“Less materials are needed, so electric fencing is the best choice for a temporary fence,” Medley advises. “If you want to put up a temporary fence to create a paddock to do rotational grazing, you can put up an electric fence and take it down easily. You can actually improve pasture conditions and increase stocking densities by rotational grazing.”
Because electric fencing requires less materials and is easy to install, it’s also great in a pinch. “When you need a quick install, electric is the way to go,” Medley says. “You can get an electric fence up quick until you can come back and build a more permanent-style.”
Another circumstance is if you need a topper wire. “If you’ve got bulls trying to reach over the woven fence, a line of electric fencing will keep him from laying on top of your fence.”
An electric fence is powered by an energizer. There are two types of energizers: AC (alternating current) and DC (direct current).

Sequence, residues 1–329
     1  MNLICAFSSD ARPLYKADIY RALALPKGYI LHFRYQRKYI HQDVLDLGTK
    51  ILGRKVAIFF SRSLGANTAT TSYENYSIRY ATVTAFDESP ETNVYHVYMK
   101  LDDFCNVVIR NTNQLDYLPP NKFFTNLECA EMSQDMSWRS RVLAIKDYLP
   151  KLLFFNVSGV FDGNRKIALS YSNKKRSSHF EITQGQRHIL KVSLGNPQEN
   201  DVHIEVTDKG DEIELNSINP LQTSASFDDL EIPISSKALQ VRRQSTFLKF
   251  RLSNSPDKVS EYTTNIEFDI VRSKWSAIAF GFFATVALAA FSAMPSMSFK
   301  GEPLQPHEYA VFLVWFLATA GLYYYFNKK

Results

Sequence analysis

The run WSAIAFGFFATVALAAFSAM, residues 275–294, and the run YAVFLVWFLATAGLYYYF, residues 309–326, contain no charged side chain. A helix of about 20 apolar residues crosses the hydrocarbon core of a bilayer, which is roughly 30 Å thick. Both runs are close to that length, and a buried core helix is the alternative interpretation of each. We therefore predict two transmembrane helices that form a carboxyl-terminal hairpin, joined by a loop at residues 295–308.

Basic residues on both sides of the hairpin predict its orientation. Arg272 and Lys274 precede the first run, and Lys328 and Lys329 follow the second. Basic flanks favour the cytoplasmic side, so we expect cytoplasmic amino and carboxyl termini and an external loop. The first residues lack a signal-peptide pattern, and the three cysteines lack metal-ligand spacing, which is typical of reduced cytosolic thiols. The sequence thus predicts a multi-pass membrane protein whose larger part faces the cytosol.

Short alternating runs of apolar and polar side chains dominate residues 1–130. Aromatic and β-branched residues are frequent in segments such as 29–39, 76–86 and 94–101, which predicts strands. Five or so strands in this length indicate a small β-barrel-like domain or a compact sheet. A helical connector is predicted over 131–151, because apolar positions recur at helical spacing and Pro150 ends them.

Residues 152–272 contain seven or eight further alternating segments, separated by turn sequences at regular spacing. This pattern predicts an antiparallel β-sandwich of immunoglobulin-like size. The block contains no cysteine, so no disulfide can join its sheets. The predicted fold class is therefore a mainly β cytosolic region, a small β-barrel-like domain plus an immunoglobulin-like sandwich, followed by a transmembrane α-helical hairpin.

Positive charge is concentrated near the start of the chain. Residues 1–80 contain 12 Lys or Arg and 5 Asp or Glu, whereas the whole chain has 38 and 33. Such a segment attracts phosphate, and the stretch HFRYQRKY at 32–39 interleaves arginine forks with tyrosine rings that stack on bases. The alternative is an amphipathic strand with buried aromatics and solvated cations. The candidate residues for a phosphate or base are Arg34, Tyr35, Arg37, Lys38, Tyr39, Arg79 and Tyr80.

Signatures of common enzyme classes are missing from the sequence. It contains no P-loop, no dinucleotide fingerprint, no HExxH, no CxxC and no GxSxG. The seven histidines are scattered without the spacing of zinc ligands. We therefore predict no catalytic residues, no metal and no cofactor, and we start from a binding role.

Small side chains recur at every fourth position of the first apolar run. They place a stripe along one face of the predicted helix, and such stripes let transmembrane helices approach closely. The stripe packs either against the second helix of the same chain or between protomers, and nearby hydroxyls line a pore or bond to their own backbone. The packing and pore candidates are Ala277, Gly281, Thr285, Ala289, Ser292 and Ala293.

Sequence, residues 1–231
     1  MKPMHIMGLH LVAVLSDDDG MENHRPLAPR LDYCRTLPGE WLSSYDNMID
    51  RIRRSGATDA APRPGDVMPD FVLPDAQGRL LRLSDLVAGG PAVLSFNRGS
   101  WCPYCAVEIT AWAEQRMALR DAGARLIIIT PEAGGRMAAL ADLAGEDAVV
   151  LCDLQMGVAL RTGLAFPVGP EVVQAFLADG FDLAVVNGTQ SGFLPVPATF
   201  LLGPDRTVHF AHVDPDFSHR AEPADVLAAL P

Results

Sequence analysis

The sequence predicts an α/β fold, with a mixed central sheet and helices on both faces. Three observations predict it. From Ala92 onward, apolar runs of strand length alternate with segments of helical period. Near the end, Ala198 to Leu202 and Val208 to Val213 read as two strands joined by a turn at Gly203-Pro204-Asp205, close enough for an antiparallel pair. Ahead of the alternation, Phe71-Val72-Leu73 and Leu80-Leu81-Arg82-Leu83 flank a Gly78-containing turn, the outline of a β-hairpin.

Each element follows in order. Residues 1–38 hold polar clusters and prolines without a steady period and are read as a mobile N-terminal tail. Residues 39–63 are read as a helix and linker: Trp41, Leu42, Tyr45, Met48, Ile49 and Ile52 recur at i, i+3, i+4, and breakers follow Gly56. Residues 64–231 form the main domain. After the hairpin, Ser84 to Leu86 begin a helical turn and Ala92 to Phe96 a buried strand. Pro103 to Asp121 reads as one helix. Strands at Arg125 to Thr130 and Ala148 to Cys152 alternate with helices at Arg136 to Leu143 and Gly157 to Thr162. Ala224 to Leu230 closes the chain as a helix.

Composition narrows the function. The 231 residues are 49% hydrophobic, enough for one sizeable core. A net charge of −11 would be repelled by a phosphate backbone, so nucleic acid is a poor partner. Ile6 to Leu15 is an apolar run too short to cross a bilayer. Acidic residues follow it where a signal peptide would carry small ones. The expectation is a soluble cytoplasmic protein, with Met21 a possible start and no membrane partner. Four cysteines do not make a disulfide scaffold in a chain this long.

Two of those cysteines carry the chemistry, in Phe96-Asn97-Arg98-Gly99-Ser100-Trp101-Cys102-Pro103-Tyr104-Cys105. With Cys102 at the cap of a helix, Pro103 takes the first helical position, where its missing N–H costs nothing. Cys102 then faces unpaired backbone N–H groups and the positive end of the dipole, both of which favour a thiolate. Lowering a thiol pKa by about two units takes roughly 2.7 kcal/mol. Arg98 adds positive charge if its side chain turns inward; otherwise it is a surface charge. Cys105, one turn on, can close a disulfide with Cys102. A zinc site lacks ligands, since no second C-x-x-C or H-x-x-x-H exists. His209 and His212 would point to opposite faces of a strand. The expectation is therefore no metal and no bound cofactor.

“AC are your plug-in units. They are going to be the most economical for the power you get,” Medley advises. “DC runs off battery. This option allows you to set up a solar panel to charge your battery if you want.”
When buying an energizer, you need to look at joules. “Look at the output joules. For every joule output, you’re going to get 20 to 40 acres of fence. So if you’re doing 60 acres, you want to have at least a two-joule energizer box.”
You also need to know what type of soil you’re building the fence on.
“To buy an energizer best suited for your fence, you need to know how well your soil holds moisture,” Medley shares. “If you’re in a rocky, sandy area, that will require more joules versus clay soil with more moisture.”